To understand what the term third culture means in the shortest way possible, just look at the popular Lebanese restaurant, Zaatar w Zeit. Arabic speakers wouldn’t be able to read the name, English speakers wouldn’t be able to understand it, but third culture people would have no trouble with either. The idea isn’t merely that these words are simply transcriptions or translations of one linguistic culture to another. Rather, it’s the mashing of two cultures together to create a unique, third one. The old menu is more reflective of this idea with sandwiches named Kafta w Jebneh and Djej w Jebneh. The Kafta w Jibneh you get at Zaatar w Zeit isn’t the same sandwich your grandmother used to make, but something quite different. In a nutshell, this is what third culture is about.
Children raised in the context of two cultures, and who subsequently mash them together, are known as third culture kids. The term was developed in the second half of the 20th century to accommodate the rapid increase of children reared between cultures (perhaps due to the increased pace of globalization). In Beirut, there’s no shortage of third culture kids — perhaps because of the large amount of foreign schooling systems found in the country. We have American schools, French schools, and even a German school. Another major influence is of course television, with the bulk of our the most popular shows being American imports aired on regional channels.
This upbringing results in children being raised bi- or trilingual and having greater insight into another culture, making it easier for them to move between it and their native culture.
Being raised between cultures can have obvious advantages for a person’s future and person’s present. In a country like Lebanon, where people feel an urgency to leave, third culture kids have a wider choice and easier access to education and employment abroad. On another level, being raised outside the constraints of any one single culture can help prevent bigotry and narrow-minded beliefs. If someone is aware that other cultures value things differently, then that person may not be so inclined to believe that their beliefs are universal truths. In this way, third culture kids are natural born cultural relativists, understanding almost immediately the diversity of beliefs and traditions that exist across cultures.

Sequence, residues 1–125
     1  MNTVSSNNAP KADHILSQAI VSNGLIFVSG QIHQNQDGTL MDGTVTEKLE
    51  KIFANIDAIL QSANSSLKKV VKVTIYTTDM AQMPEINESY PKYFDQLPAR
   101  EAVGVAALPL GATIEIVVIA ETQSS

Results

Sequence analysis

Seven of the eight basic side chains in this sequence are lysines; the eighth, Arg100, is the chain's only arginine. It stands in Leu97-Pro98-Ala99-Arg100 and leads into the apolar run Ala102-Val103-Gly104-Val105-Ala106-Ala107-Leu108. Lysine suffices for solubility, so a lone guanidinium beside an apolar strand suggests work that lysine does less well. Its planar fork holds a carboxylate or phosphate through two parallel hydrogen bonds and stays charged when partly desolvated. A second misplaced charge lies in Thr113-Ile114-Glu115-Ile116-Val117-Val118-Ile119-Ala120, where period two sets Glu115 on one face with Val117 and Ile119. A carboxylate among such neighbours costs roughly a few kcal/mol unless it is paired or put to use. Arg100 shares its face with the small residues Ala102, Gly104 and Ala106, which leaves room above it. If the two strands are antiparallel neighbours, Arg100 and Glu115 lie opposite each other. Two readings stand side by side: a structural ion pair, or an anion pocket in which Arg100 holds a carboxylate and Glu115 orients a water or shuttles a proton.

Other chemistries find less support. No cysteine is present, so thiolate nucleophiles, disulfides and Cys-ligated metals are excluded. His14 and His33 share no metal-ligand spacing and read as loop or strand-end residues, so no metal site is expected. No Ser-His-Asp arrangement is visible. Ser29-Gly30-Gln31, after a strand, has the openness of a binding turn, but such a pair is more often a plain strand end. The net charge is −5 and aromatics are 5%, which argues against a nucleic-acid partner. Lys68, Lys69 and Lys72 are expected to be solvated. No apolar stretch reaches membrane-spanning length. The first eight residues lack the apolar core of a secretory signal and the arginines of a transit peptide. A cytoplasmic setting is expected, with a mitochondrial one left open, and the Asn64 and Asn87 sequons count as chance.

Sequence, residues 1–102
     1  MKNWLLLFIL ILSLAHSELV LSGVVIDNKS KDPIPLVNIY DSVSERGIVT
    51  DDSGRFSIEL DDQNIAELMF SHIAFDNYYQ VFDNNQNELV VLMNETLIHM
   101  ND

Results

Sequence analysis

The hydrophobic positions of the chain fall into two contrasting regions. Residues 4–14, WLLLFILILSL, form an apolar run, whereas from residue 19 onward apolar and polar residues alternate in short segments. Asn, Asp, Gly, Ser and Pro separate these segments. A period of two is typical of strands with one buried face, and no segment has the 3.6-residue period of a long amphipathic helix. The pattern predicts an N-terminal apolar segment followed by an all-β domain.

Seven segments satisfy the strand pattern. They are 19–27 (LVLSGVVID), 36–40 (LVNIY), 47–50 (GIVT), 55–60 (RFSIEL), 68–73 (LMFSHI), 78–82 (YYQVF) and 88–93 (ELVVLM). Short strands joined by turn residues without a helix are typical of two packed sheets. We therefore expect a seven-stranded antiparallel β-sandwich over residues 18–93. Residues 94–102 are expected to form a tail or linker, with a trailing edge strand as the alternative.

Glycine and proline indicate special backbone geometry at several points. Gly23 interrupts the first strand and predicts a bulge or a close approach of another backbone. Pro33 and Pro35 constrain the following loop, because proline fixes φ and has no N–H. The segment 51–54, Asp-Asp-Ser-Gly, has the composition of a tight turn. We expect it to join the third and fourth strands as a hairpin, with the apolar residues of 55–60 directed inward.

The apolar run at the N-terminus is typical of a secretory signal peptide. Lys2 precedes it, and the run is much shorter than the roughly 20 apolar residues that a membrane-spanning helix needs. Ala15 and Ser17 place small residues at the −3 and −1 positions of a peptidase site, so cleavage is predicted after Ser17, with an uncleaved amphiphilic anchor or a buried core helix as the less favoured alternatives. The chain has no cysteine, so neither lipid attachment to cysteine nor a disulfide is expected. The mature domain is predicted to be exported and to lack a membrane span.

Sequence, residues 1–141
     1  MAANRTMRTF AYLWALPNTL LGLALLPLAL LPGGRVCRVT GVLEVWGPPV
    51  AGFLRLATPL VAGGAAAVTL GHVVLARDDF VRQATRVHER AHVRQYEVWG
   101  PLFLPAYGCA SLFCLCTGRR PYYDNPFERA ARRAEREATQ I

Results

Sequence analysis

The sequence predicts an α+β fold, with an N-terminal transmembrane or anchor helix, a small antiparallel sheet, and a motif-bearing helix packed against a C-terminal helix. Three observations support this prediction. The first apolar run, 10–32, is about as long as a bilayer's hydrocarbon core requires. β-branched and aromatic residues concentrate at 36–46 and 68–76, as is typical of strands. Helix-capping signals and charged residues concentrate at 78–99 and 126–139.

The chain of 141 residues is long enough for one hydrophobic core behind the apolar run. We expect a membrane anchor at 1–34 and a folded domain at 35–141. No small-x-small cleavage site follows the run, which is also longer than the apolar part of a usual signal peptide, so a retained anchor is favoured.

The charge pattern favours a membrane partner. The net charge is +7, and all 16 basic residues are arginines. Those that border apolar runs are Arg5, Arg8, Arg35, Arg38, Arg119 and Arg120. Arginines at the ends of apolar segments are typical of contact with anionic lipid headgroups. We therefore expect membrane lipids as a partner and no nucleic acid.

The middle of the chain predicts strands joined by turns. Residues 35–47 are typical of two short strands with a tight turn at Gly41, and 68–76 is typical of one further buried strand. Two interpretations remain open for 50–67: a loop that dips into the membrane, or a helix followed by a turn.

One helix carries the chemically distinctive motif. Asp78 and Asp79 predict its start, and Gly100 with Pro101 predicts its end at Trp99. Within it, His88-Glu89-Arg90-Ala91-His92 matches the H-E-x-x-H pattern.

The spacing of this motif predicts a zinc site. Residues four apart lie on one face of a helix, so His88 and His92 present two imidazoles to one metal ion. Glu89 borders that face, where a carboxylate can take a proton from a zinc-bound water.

I’d go as far as to say that, since third culture kids are not handed down any singular set of cultural beliefs, they instead have to invent themselves as they go along. This results in rich individualization, since each individual third culture kid will have taken unique aspects of each culture to create their persona. As a result, you have very interesting, incredibly fluid individuals who cross social, cultural, and national boundaries.
Most people don’t think of him as such, but Edward Said was actually raised as a third culture kid, perhaps one of the most famous Arab examples. Even his name presents the issues with the third culture kids’ experience, matching the undoubtedly English “Edward” with the traditionally Arabic “Said.” He spends the bulk of his autobiography, Out of Place, writing about his experience growing up in Western schools in Cairo, these experiences resulted in him never feeling fully Arab nor fully British, but propelled him to develop a strong sense of who Edward, the individual, was. This separated Said from the conventions of either culture and also made him acutely skeptical of depictions of Arabs within Western discourse. This, in turn, led him to develop ideas for his seminal work, Orientalism.